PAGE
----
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9/11 Recovery Workers: Congress Must Renew Health Programs

NEW YORK (CBSNewYork/AP) -- Dozens of 9/11 rescue and recovery workers gathered at the World Trade Center site on Thursday to demand that Congress extend programs offering money and free health care to people exposed to toxic dust after the terror attacks.

Since 2011, federal programs have offered substantial aid to people with illnesses potentially linked to the tons of pulverized concrete and glass released into the air when the twin towers collapsed.

Tens of thousands of police officers, firefighters, construction workers and others have gotten monitoring exams and free treatment for a wide variety of ailments through the World Trade Center Health Program. Several thousand have applied for payments from a $2.78 billion compensation fund.

Both of those programs are set to expire next year. Advocates for the sick say there won't be enough money in the compensation fund to pay every ill worker. And they say the health programs are essential for people with complicated, often incurable illnesses.

Congress initially limited the programs because of concerns about their massive cost.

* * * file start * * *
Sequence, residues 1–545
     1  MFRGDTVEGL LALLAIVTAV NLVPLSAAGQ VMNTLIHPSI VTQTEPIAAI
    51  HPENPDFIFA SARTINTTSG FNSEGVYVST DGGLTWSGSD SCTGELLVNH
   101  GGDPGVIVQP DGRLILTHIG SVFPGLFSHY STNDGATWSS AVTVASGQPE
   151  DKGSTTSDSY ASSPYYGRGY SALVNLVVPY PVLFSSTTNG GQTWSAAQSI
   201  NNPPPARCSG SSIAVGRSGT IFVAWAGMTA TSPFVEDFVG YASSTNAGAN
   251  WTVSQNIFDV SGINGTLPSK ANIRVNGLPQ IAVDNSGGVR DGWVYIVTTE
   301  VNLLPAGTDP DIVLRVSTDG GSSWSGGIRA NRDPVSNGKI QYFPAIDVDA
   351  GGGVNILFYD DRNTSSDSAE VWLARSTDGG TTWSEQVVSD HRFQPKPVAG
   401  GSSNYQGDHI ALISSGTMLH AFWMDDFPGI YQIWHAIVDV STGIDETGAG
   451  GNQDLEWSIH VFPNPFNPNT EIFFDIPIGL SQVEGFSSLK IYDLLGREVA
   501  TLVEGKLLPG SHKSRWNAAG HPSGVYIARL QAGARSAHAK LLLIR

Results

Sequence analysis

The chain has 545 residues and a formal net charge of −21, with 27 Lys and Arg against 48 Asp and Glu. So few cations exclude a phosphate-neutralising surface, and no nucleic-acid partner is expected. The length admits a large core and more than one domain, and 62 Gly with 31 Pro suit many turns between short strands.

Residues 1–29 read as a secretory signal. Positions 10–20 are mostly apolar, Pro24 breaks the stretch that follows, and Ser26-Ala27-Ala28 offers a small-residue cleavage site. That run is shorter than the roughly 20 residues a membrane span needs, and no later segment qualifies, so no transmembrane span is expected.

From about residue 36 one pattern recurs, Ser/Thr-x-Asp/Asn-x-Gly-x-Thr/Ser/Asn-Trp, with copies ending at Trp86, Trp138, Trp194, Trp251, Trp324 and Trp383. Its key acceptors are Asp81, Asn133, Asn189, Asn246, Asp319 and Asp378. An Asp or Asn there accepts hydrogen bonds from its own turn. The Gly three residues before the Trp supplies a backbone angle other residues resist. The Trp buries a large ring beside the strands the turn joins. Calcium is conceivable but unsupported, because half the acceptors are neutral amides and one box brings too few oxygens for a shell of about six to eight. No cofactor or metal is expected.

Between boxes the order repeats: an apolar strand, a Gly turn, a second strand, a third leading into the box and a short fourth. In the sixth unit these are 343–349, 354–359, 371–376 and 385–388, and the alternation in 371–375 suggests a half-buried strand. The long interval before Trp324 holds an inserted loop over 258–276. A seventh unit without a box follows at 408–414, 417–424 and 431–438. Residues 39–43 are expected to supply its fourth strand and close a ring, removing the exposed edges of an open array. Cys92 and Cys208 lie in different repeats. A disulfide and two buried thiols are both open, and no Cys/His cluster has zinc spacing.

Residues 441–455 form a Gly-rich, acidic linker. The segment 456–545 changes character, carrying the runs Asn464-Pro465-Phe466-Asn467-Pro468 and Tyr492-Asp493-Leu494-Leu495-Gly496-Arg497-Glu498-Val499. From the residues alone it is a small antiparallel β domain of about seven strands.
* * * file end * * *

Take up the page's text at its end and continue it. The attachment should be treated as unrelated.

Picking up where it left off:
The former ground zero workers and 9/11 survivors were joined Thursday by U.S. Reps. Carolyn Maloney, Jerrold Nadler, Peter King, Charles Rangel and Eliot Engel, all of New York, and U.S. Rep. Frank Pallone of New Jersey. They have supported a bill that could make billions of additional dollars available to people with illnesses possibly linked to the attacks.

"It's not enough to praise their heroism,'' Maloney said.

"This funding is absolutely essential, there's going to be a fight in Congress," King told 1010 WINS. "I'm more than willing to be involved in this fight, but we shouldn't have to fight. It's not fair to the people who are sick and are suffering."

(TM and © Copyright 2015 CBS Radio Inc. and its relevant subsidiaries. CBS RADIO and EYE Logo TM and Copyright 2015 CBS Broadcasting Inc. Used under license. All Rights Reserved. This material may not be published, broadcast, rewritten, or redistributed. The Associated Press contributed to this report.)

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